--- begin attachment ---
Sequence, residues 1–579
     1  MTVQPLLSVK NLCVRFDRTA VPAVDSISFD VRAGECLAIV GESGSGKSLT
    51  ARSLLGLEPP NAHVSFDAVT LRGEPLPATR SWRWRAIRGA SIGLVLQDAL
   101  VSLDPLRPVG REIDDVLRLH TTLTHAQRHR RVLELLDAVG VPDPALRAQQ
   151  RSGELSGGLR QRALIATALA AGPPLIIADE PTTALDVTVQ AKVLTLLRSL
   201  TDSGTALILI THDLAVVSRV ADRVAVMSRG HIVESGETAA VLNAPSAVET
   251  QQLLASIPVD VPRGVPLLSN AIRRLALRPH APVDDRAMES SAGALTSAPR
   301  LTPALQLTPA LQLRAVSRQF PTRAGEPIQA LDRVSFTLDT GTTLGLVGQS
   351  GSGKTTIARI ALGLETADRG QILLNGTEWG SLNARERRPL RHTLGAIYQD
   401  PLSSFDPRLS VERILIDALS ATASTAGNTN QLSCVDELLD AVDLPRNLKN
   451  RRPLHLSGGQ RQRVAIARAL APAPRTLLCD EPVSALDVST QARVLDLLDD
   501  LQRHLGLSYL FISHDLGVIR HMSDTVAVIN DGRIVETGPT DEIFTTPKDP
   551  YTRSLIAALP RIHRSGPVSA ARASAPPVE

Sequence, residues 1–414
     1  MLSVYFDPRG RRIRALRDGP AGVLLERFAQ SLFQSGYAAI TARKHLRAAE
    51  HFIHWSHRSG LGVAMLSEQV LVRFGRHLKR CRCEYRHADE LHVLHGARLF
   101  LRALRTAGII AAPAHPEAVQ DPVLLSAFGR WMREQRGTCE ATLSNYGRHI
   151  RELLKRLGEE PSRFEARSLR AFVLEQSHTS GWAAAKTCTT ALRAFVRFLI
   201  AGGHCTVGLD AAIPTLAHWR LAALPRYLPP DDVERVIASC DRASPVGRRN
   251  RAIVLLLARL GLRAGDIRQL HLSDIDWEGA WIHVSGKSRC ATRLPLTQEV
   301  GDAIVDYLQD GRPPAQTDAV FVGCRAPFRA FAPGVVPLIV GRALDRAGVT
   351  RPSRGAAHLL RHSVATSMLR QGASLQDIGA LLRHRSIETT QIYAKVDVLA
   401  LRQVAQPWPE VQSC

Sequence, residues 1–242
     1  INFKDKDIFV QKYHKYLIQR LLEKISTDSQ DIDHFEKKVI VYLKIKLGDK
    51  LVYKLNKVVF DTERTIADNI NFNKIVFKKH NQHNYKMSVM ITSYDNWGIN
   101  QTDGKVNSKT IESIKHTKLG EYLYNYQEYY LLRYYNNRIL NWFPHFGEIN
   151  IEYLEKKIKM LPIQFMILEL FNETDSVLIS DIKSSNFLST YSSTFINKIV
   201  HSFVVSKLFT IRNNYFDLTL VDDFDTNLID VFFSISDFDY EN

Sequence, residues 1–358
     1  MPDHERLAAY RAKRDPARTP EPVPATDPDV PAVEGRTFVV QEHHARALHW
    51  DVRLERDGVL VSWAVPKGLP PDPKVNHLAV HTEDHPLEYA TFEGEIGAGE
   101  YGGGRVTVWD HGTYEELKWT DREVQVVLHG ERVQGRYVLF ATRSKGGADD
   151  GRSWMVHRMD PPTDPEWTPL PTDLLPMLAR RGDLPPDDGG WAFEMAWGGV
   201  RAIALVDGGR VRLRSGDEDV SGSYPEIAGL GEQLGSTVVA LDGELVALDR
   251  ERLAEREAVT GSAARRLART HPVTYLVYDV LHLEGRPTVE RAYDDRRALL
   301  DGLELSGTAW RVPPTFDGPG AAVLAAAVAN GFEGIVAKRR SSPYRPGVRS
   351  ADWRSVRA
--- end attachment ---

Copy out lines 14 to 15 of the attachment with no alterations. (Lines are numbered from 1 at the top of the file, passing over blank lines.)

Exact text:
Sequence, residues 1–414
     1  MLSVYFDPRG RRIRALRDGP AGVLLERFAQ SLFQSGYAAI TARKHLRAAE